What purpose does Wilfred Owen’s poem Futility serve?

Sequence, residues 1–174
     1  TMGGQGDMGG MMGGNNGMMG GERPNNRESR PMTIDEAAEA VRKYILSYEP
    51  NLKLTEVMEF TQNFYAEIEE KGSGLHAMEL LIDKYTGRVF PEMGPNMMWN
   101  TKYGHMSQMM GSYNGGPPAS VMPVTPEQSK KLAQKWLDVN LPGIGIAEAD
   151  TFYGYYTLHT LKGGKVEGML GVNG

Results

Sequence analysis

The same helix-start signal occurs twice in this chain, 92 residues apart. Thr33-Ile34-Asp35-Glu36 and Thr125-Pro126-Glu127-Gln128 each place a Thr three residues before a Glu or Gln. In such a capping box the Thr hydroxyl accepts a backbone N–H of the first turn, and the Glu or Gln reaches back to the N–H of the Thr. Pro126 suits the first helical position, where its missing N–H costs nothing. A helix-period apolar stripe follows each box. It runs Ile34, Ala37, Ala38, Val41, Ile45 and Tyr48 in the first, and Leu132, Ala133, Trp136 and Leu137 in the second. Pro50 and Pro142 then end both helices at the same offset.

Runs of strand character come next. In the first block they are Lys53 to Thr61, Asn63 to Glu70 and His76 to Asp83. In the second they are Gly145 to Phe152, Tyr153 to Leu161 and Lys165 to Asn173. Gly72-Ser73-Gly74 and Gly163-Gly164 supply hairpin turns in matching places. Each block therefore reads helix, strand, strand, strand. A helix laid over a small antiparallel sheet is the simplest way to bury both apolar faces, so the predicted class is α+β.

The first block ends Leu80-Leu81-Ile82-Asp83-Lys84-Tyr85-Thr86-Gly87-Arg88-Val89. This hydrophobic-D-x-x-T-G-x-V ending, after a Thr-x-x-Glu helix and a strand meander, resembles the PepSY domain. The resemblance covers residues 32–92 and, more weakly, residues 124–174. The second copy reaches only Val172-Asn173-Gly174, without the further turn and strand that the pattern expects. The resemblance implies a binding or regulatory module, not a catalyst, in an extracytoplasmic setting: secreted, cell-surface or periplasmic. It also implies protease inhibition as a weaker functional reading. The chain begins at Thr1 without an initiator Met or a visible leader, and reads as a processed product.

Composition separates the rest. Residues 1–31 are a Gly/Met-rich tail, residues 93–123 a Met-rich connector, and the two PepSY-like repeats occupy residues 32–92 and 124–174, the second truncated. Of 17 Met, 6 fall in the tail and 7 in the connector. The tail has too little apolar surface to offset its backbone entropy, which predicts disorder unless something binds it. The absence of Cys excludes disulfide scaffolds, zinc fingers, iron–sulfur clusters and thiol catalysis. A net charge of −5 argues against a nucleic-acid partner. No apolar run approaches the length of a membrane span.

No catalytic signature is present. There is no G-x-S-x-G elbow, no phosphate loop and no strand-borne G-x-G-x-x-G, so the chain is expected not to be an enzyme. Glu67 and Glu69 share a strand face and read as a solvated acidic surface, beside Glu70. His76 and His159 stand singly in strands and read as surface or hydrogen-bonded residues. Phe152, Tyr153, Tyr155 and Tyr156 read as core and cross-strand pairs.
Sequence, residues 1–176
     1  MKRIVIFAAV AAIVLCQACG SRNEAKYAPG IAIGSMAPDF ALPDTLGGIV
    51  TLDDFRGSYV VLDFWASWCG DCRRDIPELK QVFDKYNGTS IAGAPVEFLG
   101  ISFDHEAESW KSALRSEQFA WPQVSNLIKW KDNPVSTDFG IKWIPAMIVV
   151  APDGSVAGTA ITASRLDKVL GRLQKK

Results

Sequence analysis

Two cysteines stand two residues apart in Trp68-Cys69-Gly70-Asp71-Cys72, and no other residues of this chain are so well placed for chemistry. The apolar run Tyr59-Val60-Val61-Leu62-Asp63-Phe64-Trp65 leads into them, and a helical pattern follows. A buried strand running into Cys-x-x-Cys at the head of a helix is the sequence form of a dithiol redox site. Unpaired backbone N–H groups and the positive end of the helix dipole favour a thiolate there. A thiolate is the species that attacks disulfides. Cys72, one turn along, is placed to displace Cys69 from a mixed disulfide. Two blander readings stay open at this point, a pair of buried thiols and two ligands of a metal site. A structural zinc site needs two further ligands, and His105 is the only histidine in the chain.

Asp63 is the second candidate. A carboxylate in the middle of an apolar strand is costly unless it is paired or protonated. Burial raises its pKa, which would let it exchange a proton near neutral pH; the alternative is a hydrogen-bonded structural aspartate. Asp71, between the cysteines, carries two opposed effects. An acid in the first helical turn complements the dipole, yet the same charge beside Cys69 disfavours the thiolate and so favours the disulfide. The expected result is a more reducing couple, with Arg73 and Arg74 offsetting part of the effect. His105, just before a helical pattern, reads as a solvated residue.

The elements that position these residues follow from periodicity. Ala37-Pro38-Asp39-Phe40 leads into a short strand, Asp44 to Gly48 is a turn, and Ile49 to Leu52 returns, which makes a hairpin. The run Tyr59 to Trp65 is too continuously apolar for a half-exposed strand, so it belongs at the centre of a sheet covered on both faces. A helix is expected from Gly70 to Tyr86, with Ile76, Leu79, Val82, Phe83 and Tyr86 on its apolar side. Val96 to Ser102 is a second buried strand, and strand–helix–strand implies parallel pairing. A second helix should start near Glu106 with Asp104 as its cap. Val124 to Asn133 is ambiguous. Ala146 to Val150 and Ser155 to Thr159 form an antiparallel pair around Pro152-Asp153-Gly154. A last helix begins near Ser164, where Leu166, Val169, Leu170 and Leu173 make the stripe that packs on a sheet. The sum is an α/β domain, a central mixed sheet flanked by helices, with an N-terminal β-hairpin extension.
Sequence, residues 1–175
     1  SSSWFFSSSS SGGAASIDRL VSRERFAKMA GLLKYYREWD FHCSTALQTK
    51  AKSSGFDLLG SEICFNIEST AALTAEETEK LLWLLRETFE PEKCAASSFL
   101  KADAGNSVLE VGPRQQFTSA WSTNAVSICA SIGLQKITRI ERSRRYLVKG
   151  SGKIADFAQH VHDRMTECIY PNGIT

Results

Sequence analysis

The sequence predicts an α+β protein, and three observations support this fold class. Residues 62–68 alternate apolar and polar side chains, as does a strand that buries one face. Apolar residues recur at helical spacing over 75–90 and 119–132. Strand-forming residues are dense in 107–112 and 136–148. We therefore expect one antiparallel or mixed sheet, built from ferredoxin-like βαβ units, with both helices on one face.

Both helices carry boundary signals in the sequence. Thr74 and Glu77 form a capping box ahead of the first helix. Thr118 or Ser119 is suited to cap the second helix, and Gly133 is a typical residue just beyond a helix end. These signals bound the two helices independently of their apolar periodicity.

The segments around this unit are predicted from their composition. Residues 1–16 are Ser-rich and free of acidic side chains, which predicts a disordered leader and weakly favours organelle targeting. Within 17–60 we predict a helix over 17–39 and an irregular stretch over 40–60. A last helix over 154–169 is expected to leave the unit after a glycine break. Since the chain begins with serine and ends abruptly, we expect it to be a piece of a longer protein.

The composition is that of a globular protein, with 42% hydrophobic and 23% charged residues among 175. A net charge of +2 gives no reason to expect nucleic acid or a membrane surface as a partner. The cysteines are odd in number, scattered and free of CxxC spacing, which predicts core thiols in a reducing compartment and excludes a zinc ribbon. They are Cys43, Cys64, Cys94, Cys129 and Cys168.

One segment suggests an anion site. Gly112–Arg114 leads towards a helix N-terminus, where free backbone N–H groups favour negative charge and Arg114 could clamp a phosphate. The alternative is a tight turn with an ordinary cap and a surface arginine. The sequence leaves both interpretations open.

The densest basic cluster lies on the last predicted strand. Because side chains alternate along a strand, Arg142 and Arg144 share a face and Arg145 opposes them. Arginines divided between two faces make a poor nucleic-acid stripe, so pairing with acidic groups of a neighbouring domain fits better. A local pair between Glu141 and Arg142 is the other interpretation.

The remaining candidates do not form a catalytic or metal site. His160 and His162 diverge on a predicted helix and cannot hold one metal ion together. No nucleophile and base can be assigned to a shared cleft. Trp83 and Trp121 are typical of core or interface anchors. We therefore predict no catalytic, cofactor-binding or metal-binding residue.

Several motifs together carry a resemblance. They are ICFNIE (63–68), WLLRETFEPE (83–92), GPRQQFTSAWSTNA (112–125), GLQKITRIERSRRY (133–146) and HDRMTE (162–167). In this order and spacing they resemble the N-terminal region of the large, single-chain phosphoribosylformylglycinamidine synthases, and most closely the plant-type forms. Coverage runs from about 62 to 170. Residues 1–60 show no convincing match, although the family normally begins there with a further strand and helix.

Wilfred Owen wanted to show the true cost of war, there was a lot of pro war propaganda published during the 1st world war that glorified it, Wilfred wanted people to understand that it wasn't all heroic actions but was gruesome and scary for most, he also made political comments about how wrong war was and the long term effects. Owen started writing naturalistic poems about the horror of war. He wanted to show people war isn't that great as posters say and you will die at the end from your enemy. Wilfred Owen’s intention in using a sequence of three rhetorical questions in the final 6 lines of his WWI sonnet ‘Futility’ is to challenge his readers to find any natural or rational justification for war. Having described the miracle of human life he asks why we would want to destroy it, especially young life, so completely: “Was it for this the clay grew tall?” and his final question wonders, almost bitterly, why we were given life since we have wasted it: “- O what made fatuous sunbeams toil, To break earth's sleep at all?” Readers these days would agree with Owen but in 1918, when the poem was written, these reactions would have been seen an unpatriotic. The power of the questions is that they demand an answer – but there is no rational answer that could be given. The term and title of the poem; “Futility”, over views: how pointless and worthless war is. Futility means that something is destined to fail. “Futility” is Owens’s belief in the worthlessness of both God and war. The poet begins the poem talking of a certain “Him” It is obvious that the poet is talking about the soldier. "Move him into the sun". The sun stands as a metaphor for the giver of life here. "Move" is an inexact word yet we feel the movement has to be gentle, just as the command has been quietly spoken. We may have been influenced by "gently" in line 2 which reinforces the previous impression, while...
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